During law school he was active in various volunteer activities, including PBSC placements at the Canadian Civil Liberties Association and the BC Public Interest Advocacy Centre. Robert enjoys communicating legal and political issues to the public. His work has most recently been published in the Canadian Centre for Policy Alternatives Monitor and the Globe and Mail.
He is fascinated by the intersection of law and public policy, and hopes to develop his skills in both areas to their fullest potential, always in the service of others. He is continually inspired by his peers and mentors in the legal community, and by all of his colleagues at Peacebuilders. He is grateful for the opportunity to work in the public interest during his articling year, and humbled by the responsibility it entails.
Law school: University of Ottawa
PIAF placement: Public Interest Advocacy Centre (PIAC)
Jennifer Chow earned her Juris Doctor degree at the University of Ottawa’s Faculty of Law where she also received the Dean’s Award for academic excellence and outstanding contributions to the law school community. Before law school, Jennifer earned an Honours Bachelor of Arts degree from the University of Toronto with a major in Ethics, Society, and Law and double minors in Political Science and Writing and Rhetoric.
Jennifer is passionate about advocating for others and this passion has guided her legal career. Prior to articling at PIAC, Jennifer interned with the Commissioner for Complaints for Telecommunications Services where she worked with colleagues to draft the Annotated Guide to the Wireless Code, a document that helps Canadian consumers understand their rights and the requirements set out for telephone and internet service providers across the country. Jennifer also competed in numerous advocacy competitions throughout her studies. Her most memorable one was an international moot held annually in Europe with over 65 other teams; Jennifer and her teammates ranked among the top seven finalists globally and top two finalists from North America. During this competition, Jennifer advocated for issues revolving around public health, green energy, employment, and consumer opinion, among other topics.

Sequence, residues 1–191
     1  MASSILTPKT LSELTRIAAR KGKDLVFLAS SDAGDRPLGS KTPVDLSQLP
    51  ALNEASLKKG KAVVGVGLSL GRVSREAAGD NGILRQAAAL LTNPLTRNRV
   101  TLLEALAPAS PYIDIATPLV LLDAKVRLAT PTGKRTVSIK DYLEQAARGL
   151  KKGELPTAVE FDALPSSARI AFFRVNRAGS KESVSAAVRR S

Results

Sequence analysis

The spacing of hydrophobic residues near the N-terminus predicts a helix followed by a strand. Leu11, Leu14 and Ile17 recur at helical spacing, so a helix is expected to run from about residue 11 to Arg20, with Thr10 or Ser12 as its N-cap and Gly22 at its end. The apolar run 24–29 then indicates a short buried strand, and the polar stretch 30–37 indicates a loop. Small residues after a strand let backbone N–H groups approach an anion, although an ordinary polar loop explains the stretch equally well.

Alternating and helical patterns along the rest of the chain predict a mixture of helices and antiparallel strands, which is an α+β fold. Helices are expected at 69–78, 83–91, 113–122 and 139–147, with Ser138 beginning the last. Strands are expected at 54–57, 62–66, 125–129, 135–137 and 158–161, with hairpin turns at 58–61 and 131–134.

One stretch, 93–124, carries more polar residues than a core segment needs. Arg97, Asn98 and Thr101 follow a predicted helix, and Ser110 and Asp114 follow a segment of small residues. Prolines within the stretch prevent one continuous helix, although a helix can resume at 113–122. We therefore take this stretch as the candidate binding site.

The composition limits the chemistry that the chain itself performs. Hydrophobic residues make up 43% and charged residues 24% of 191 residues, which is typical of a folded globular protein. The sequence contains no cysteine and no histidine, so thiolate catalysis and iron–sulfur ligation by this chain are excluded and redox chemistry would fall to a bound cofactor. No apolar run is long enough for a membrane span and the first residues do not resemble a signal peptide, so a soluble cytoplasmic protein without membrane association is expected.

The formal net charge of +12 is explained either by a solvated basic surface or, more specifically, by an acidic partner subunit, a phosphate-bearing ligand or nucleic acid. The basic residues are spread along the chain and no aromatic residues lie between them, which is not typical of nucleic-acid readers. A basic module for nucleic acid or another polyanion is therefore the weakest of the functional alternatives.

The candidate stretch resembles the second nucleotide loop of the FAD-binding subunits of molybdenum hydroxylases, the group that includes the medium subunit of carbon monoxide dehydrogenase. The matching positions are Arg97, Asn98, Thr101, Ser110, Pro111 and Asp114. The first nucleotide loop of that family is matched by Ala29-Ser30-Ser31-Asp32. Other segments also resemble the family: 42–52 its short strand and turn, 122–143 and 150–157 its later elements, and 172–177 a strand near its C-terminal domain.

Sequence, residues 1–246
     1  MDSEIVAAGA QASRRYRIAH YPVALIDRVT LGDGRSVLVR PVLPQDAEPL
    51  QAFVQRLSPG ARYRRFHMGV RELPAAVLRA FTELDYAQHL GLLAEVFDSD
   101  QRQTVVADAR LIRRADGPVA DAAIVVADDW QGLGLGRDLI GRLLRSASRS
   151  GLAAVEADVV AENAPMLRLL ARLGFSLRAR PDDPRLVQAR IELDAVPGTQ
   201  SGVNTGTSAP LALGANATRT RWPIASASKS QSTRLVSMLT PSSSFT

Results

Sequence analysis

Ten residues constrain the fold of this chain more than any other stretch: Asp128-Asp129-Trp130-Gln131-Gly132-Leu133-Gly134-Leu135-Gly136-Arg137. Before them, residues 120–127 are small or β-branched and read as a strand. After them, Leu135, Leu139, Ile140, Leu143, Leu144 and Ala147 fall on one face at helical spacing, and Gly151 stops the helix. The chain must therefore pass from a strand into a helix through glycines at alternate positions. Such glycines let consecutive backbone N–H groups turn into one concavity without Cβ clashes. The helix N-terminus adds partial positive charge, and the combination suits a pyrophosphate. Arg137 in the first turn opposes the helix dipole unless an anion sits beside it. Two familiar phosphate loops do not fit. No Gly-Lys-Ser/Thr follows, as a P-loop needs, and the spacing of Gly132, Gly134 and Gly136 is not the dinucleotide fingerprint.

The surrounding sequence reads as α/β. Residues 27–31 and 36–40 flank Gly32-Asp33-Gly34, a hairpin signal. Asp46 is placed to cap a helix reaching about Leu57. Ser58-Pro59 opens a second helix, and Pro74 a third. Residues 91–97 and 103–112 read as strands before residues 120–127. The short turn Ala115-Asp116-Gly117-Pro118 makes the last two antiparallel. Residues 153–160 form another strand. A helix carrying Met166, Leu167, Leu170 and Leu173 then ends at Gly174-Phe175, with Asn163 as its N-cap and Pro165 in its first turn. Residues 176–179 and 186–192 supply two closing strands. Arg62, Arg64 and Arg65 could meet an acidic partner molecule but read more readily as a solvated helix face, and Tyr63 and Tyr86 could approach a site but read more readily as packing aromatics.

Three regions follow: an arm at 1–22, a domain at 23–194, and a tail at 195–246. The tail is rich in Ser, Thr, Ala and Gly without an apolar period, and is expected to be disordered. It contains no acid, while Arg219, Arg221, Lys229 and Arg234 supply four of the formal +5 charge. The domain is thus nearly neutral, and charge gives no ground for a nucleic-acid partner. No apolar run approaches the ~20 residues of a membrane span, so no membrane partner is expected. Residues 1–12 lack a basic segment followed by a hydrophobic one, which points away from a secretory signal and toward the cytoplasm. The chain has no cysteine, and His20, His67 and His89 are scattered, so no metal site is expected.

Jennifer’s notable experiences also include serving as a mentor to students in the Legal Writing Academy at the University of Ottawa, promoting tolerance through her role as President of the Asian Law Students’ Society, delving into administrative law principles with the Association of Canadian College and University Ombudspersons, and working for the Government of Ontario’s then-named Ministry of the Environment. Each of these experiences has allowed Jennifer to continue developing her passion for public interest advocacy and improving the lives and communities of those around her.